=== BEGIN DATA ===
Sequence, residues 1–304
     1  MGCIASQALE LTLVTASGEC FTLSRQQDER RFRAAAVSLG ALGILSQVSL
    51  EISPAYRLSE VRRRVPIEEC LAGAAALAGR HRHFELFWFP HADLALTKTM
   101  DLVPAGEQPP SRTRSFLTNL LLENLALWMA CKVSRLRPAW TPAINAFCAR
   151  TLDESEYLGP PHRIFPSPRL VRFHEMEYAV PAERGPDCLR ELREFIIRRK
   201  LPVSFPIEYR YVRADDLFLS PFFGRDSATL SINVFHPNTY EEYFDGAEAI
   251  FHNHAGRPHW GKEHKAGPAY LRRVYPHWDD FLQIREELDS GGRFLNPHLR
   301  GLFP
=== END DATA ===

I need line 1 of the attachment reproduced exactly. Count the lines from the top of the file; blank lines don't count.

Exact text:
Sequence, residues 1–304